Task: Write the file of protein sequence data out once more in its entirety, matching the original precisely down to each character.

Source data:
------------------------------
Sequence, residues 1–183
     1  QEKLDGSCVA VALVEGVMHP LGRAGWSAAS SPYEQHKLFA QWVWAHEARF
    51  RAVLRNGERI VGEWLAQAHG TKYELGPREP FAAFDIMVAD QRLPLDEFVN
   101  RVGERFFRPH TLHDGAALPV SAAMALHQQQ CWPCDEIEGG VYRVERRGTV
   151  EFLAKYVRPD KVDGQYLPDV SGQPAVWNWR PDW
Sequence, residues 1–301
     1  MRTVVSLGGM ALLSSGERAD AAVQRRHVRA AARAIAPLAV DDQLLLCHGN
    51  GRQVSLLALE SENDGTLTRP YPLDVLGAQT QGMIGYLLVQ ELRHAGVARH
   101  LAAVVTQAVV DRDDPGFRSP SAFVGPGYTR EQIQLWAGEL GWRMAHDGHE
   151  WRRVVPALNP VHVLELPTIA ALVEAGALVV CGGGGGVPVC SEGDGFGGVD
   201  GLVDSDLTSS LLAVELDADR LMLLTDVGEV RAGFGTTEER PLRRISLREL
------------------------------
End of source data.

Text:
Sequence, residues 1–183
     1  QEKLDGSCVA VALVEGVMHP LGRAGWSAAS SPYEQHKLFA QWVWAHEARF
    51  RAVLRNGERI VGEWLAQAHG TKYELGPREP FAAFDIMVAD QRLPLDEFVN
   101  RVGERFFRPH TLHDGAALPV SAAMALHQQQ CWPCDEIEGG VYRVERRGTV
   151  EFLAKYVRPD KVDGQYLPDV SGQPAVWNWR PDW
Sequence, residues 1–301
     1  MRTVVSLGGM ALLSSGERAD AAVQRRHVRA AARAIAPLAV DDQLLLCHGN
    51  GRQVSLLALE SENDGTLTRP YPLDVLGAQT QGMIGYLLVQ ELRHAGVARH
   101  LAAVVTQAVV DRDDPGFRSP SAFVGPGYTR EQIQLWAGEL GWRMAHDGHE
   151  WRRVVPALNP VHVLELPTIA ALVEAGALVV CGGGGGVPVC SEGDGFGGVD
   201  GLVDSDLTSS LLAVELDADR LMLLTDVGEV RAGFGTTEER PLRRISLREL